Is Air Conditioning a Fundamental Right of Prisoners?

From time to time, investigative news reports surface describing the sordid details of life behind bars. The stories talk about the poor quality of the food, the antiquated jail cells, and the substandard living conditions most criminal offenders face. Something most people don’t think about, however, is climate control. That is, how are prisons heated during the winter, and are jail cells air conditioned in the summer?

A spate of recent articles from a number of nationally-recognized news publications have reported on air conditioning in prisons. An article written in The Texas Tribune indicates that over 75% of prisons in Texas do not have air cooling systems.

One reason why most Texas prisons do not have central air is that most of the penitentiaries in the state are old, and renovating them would be very costly. The Darrington Unit, for example, a prison located 30 miles due south of Houston, was constructed in 1917. According to reports, the prison looks the same today as it did when it was built 100 years ago.

Instead of an air cooling units, The Darrington Unit relies on huge fans to cool the inmates during the summer, when temperatures regularly exceed 100 degrees Fahrenheit.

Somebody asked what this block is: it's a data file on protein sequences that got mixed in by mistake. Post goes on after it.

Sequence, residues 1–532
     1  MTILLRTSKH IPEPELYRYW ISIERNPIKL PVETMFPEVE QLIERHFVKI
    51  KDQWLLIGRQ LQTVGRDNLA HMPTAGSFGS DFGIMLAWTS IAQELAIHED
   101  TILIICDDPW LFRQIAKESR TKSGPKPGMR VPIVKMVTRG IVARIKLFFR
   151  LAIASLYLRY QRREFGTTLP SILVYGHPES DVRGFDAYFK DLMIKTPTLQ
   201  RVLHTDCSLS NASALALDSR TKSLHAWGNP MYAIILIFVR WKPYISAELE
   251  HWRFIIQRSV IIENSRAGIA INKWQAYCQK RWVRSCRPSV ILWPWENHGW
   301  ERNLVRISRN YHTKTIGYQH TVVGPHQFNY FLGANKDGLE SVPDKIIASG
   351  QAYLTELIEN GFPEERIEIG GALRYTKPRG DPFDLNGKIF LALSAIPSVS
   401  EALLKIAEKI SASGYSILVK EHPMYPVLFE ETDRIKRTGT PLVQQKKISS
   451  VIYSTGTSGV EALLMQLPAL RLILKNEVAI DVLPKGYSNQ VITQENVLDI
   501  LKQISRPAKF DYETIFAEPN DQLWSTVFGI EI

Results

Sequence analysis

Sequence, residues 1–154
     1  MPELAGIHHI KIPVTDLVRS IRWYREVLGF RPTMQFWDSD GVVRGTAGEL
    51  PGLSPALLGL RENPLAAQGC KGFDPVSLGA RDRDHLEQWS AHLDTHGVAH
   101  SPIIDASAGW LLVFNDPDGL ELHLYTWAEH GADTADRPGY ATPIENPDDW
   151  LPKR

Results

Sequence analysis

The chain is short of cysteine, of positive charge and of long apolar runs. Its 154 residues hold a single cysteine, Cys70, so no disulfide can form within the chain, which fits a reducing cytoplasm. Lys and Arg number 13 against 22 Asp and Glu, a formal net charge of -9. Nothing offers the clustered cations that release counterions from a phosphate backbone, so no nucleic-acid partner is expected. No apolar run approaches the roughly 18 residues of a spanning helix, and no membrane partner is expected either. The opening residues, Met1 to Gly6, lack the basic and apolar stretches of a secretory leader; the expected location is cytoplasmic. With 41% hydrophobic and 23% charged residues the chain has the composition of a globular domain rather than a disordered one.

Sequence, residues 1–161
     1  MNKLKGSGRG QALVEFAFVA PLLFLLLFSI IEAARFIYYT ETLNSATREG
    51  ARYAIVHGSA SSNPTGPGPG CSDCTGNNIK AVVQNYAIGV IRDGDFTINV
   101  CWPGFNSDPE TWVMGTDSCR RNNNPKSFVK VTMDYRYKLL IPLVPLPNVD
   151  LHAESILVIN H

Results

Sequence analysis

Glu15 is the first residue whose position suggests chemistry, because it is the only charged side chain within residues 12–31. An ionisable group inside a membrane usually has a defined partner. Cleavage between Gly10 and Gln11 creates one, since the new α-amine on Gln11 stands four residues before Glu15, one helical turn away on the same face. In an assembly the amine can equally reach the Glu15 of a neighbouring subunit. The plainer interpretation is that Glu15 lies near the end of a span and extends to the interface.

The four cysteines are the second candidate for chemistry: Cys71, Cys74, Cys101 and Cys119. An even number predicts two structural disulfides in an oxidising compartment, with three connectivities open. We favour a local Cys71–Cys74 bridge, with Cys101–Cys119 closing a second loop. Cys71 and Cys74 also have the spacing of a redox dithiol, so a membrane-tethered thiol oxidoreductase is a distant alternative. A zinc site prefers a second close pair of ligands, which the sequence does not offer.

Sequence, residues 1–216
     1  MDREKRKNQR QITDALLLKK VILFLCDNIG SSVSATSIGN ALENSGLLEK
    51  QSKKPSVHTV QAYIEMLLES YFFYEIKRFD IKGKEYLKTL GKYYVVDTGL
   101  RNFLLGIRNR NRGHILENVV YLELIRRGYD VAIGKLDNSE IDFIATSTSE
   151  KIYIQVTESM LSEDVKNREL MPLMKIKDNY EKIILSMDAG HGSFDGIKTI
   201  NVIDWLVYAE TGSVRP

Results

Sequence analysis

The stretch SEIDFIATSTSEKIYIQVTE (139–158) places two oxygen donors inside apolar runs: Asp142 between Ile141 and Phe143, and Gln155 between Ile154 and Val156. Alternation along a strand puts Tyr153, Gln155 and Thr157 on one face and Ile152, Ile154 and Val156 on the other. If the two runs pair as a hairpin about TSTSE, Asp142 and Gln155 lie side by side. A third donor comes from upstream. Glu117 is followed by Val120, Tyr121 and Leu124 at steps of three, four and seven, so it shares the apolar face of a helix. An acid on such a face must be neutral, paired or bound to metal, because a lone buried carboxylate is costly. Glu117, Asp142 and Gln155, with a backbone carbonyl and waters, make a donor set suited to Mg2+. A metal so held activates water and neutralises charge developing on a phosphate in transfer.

Texas Inmates Bring Air Conditioning Case to Court
The lack of central air in Texas prisons has prompted prisoners from around the state to come together and issue a class action lawsuit against the state. The lawsuit, which argues that not providing air conditioning during the summer months constitutes cruel and unusual punishment, is currently making its way through the Texas court system.

In July, a district judge in Houston agreed with the class action suit, ordering that the Texas Department of Justice at least provide air conditioning to medically at-risk inmates by the beginning of August.

In his ruling, Judge Keith Ellison wrote, “Plaintiffs face a substantial risk of serious harm from the sweltering Texas heat.” Ellison also indicated that the Texas Department of Justice has acted indifferently to mitigating potential health-related risks for their inmates.

Deaths and Health Issues for Texas Inmates
The class action lawsuit created by the prisoners indicates that there have been 23 heat-related deaths in state prisons since 1998. During that same period of time, there have been hundreds of heat-related illnesses suffered by inmates in the Texas prison system.

Medical professionals who support the lawsuit argue that people suffering from heart disease, obesity, or diabetes are at greater risk of health complications when they are subjected to living in extreme heat. Doctors also suggest that people taking anti-psychotic drugs or other medications face an increased risk of health complications when subjected to heat and humidity for extended periods of time.

Other supporters of the lawsuit point to the fact that guards and prison staff are also suffering in the heat of these prisons, despite not breaking the law.

Ultimately, Judge Ellison decided to rule in favor of at-risk prisoners, awarding them access to air conditioning. The Texas Department of Justice is currently appealing Judge Ellison’s ruling.

Technorati Tags:

Google+ Comments

Leave a Reply

Your email address will not be published. Required fields are marked *